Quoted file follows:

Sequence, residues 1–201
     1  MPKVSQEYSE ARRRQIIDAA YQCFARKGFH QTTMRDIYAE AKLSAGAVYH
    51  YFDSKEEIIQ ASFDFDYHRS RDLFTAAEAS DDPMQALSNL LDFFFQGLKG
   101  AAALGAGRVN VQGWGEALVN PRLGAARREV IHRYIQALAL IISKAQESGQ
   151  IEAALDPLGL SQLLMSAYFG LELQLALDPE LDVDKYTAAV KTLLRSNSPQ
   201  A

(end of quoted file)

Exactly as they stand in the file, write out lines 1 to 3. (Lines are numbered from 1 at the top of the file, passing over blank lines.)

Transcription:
Sequence, residues 1–201
     1  MPKVSQEYSE ARRRQIIDAA YQCFARKGFH QTTMRDIYAE AKLSAGAVYH
    51  YFDSKEEIIQ ASFDFDYHRS RDLFTAAEAS DDPMQALSNL LDFFFQGLKG